Tip of the day: Removing files in linux when the filename starts with a hyphen (-)
I kept running into the following problem:
$ \rm -i *.zip rm: invalid option -- 't' Try 'rm ./-thevoice-amway-com.zip' to remove the file ‘-thevoice-amway-com.zip’. Try 'rm --help' for more information.
I've been using the
rm command for over 5 years and I had never run into this issue. At first glance I had no idea what was going on.
I initially started looking to see if maybe rm was actually an alias or function... both
type rm and
declare -f rm revealed nothing.
I decided to try looking at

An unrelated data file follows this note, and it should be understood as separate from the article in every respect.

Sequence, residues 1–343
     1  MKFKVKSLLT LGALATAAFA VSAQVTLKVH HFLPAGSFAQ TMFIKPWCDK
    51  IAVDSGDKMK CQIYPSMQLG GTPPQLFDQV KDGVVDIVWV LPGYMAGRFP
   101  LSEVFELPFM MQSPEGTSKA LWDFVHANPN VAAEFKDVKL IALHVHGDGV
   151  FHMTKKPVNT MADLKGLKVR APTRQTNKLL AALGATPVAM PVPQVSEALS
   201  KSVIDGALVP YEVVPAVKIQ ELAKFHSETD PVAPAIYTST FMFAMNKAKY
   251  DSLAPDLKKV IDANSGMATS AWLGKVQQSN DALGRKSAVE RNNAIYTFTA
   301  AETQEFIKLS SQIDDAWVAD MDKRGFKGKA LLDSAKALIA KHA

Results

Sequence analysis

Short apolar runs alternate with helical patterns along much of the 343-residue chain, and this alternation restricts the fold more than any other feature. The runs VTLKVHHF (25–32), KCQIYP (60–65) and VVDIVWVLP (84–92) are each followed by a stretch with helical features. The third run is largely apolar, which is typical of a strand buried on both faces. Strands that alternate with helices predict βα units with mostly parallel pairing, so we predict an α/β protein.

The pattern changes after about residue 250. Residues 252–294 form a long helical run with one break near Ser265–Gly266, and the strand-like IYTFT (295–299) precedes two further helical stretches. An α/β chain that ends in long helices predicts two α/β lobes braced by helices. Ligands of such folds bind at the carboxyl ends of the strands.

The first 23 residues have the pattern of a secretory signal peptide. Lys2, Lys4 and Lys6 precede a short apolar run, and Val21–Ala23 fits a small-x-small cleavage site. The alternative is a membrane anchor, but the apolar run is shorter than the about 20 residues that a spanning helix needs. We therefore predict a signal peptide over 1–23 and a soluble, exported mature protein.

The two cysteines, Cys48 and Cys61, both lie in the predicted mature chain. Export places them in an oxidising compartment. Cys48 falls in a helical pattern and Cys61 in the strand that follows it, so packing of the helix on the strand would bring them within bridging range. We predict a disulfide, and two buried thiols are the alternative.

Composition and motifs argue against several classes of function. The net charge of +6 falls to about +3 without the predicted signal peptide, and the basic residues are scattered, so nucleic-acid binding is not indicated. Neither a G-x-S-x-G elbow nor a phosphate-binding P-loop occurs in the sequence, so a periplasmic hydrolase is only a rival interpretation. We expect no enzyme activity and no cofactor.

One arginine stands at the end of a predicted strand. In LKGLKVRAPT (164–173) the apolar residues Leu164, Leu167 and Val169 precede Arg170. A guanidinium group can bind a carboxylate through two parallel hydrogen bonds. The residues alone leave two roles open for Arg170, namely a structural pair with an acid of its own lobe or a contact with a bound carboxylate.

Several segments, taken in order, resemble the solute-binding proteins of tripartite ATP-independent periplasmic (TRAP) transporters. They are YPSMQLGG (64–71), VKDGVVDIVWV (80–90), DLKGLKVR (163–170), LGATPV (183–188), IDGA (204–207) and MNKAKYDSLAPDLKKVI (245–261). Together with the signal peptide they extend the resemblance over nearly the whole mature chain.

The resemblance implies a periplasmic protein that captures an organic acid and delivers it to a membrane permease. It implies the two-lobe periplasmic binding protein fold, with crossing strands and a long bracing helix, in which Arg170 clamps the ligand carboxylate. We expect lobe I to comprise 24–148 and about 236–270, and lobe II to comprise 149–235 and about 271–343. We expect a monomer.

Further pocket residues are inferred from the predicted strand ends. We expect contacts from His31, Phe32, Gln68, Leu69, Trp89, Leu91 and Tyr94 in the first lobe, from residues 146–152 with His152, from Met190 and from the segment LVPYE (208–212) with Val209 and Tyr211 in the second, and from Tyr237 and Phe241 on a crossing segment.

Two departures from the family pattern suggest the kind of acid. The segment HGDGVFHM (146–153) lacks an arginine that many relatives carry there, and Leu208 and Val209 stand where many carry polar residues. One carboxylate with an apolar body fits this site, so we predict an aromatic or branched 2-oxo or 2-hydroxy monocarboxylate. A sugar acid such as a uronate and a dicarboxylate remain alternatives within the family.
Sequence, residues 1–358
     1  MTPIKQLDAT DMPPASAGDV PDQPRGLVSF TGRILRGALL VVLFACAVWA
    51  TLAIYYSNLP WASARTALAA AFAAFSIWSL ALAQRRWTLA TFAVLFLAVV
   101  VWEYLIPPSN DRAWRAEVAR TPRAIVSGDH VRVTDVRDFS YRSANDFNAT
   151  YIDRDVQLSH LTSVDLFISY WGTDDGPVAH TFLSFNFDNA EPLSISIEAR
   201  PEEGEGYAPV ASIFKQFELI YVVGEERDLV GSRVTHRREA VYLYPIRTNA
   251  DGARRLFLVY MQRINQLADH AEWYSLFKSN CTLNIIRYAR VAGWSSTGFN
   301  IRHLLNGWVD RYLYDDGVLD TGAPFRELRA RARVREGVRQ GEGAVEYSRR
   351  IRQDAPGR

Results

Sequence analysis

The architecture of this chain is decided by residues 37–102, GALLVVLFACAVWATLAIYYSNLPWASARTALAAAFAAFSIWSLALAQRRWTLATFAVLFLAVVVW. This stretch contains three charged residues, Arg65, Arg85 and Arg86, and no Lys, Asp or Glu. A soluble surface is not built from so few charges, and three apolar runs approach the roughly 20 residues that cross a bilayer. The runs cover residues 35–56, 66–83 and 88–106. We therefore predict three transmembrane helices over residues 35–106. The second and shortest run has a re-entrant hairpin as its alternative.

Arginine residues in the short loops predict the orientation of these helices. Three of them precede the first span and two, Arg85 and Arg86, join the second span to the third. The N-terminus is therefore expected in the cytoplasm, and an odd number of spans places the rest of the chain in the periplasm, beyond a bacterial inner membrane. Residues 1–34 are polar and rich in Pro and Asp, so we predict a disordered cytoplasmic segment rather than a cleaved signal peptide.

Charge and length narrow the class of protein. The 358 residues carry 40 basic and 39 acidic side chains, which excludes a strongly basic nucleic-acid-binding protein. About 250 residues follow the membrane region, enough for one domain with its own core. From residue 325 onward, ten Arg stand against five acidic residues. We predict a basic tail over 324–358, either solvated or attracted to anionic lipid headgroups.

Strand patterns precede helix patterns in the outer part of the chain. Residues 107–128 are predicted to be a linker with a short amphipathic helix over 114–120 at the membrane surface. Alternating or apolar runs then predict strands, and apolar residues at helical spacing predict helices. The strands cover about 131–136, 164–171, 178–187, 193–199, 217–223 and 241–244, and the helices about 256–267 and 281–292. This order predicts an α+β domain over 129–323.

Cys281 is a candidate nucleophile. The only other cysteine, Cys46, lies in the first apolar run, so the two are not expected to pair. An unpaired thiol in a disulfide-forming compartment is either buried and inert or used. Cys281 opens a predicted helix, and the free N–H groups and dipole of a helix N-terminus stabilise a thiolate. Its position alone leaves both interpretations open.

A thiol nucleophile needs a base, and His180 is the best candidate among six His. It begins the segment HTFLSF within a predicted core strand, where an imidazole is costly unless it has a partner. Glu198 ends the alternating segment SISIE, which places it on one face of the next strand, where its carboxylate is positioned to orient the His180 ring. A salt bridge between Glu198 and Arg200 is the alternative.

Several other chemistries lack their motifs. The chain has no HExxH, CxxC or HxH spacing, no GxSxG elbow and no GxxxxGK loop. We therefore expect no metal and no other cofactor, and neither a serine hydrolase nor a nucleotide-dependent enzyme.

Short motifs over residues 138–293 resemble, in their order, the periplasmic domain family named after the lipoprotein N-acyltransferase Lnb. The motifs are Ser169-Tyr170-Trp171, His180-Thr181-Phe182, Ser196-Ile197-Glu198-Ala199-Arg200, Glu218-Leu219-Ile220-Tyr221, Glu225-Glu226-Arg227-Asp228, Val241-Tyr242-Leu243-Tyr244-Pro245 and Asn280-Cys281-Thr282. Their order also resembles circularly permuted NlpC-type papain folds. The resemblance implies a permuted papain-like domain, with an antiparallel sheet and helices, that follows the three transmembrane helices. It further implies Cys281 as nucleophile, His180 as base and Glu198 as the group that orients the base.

rm --help and boom, I found it.
To remove a file whose name starts with a '-', for example '-foo', use one of these commands: rm -- -foo rm ./-foo
I was able to finally get things rolling by using the following:
\rm -i -- *.zip
P.S. I did mean to use
\rm instead of
rm. For those of you who don't know, prefixing a command with a backslash temporarily disables the alias if one exists.
This is extremely helpful if you have
rm aliased to
rm -f or something like that.